I’ve often made an end of year posts reviewing my blogging. I though this year I might review my blog reading. These are a few of the sites I’ve enjoyed. The blogs I try not to miss and some I would love to be able to emulate.

Cogdog blog. Alan’s blog has been a constant in my life for years. Discussing sharing, sharing WordPress code and more wrapped in a real life with a real voice. I follow Alan wherever he roams.

Read Write Collect is my main education hosepipe filter. Aaron reads and comments on a huge range of educational and web tech blogs wrapped in a tasty IndieWeb coating.

I spend more time on the gentle, eclectic Micro.blog community/aggregator than social networks nowadays. @smokey is a one man community engine nearly every week he produces a post with a list of posts and pictures he has picked out. A few of us tried this for a while, as far as I know @smokey is the only one to have kept it up.

I love Tom Woodward’s Weekly Web Harvest which I think might be auto generated from pinboard. The rest of the blog certainly isn’t auto generated but is a must read too.

Scripting News

Tom Smith, I follow across twitter, Instagram and now his blog. Creative Chaos.

ScotEduBlogs, an aggregation of Scottish Educational bloggers. I run this as a gift to the community, but also because it means it is easy to read great stuff from across Scottish education at all levels.

I read a lot more via RSS. My twitter browsing has decreased but I have a couple of private lists one called regular & one for primary classroom folk.

I continue to find some really good resources on twitter. I do wish more of the teachers sharing would use a blog. (much easier to keep track of, organise etc). If they are in Scotland they could join in ScotEduBlogs too.

Featured image from Image from page 285 of “Studies in reading; teacher’s manual” (1919) on flickr no known copyright restrictions.

Read Novacene by James Lovelock review – a big welcome for the AI takeover (the Guardian)

The Gaia theorist, at 100 years old, is infectiously optimistic about the prospect of humanity being overtaken by superintelligent robots

But for Lovelock, the Gaia hypothesis will save us, because the machines will realise that they need organic life to keep the planet at a habitable temperature. (Even electronic life could not survive on an Earth that veered into runaway global warming.)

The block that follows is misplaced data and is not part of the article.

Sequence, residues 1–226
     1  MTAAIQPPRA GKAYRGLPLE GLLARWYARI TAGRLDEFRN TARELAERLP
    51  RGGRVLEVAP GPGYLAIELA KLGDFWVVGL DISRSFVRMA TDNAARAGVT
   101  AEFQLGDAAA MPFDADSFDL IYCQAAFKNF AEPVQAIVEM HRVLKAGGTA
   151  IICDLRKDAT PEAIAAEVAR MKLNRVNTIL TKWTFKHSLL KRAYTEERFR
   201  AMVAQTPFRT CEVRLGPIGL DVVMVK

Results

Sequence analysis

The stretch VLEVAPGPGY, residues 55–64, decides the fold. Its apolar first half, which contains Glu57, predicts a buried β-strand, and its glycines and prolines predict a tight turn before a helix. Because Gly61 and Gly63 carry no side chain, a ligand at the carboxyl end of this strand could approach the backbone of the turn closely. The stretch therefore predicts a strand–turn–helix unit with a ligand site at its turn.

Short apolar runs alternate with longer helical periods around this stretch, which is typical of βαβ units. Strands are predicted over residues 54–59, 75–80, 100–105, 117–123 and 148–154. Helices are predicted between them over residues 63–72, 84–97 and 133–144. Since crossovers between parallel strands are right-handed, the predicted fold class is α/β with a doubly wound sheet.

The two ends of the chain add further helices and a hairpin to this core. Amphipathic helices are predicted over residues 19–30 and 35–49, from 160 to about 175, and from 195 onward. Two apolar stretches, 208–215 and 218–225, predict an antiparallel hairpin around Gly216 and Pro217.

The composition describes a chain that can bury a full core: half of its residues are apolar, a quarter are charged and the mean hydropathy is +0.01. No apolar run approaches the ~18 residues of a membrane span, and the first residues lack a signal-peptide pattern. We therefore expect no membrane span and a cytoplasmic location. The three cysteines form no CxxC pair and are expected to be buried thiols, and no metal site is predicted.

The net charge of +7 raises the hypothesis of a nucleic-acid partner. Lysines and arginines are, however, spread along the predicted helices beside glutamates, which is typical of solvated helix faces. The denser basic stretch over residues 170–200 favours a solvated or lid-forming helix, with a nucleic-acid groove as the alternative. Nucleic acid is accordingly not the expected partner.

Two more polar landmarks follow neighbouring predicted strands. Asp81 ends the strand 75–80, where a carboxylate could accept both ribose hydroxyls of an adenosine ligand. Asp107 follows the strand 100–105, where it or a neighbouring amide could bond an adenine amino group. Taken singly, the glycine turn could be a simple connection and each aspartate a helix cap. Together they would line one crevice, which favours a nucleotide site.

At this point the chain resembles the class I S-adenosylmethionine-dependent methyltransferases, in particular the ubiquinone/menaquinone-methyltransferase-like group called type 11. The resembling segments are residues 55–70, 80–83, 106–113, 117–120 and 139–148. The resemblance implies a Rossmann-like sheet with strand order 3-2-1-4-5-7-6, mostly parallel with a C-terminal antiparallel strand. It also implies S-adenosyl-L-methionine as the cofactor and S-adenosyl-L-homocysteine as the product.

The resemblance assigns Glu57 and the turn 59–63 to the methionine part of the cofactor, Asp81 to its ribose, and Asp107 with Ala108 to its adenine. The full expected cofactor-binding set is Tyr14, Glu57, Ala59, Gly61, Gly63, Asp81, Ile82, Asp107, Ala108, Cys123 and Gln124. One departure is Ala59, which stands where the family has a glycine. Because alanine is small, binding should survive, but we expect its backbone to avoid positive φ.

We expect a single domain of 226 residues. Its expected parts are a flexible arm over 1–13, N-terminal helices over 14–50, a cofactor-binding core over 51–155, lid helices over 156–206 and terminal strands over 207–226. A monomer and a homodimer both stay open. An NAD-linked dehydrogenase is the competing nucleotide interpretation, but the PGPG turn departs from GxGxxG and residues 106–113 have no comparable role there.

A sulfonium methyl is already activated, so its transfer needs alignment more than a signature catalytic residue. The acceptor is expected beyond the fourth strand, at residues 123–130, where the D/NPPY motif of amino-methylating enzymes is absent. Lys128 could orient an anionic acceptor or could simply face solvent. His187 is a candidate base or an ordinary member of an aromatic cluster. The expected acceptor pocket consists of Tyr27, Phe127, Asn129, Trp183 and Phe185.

I read and enjoyed Gaia when it came out, Lovelock still sounds fascinating! I look forward to reading this.

In 2015 my blogging was dominated by Glow Blogs and WordPress. This year the picture was a little different. Here is a Wordle of my 2016 titles.

Wordle 2016

WordPress stays near the top and Glow Blogs featured quite often but not in the titles of the post. 23 Things, Open (including OER16) and Edutalk stand out.

Most of my time in 2015 was taken up by Glow Blogs, 2016 brought big changes, before I’d got used to being back in my substantive post, supporting ICT in North Lanarkshire, I found myself being redeployed into a class teachers role. I’ve not blogged much about that, sticking to technology: some in the classroom, some more general.

The post Questioning Glow got most reaction.

A fair number of posts are under the 23 things banner and I’ve become even more interested in thinking about the the way that using software affects us. I think the questions I talked about at Always on (them): Digital and Social Media use in Education #DigitalUWS are important.

Apart from my Radio Edutalk contributions, which slacked a bit this year I made several microcasts here. There are just short, unedited podcasts, in my case posted from my phone. I doubt that many were listening but I enjoy the format.

My most popular post was An interesting mix: Chromebook and Raspberry pi. This was a passing interest as I no longer have access to a chromebook. I did blog a fair bit about my Pi(s) which continue to interest me.

As I prepare for think about my 13th year blogging, this blog continues to meander through topics that take my fancy, often it feels like me alone. I often read about how to make your blog more popular, and continue to break most of that advice.

Featured image: A quick gif made for #tdc1818 The End is Near! Make a GIF | The (new) Daily Create, I’ve not created as much as I would have liked for the daily create, but I still recommend it as a great exercise for playing with digital and your imagination.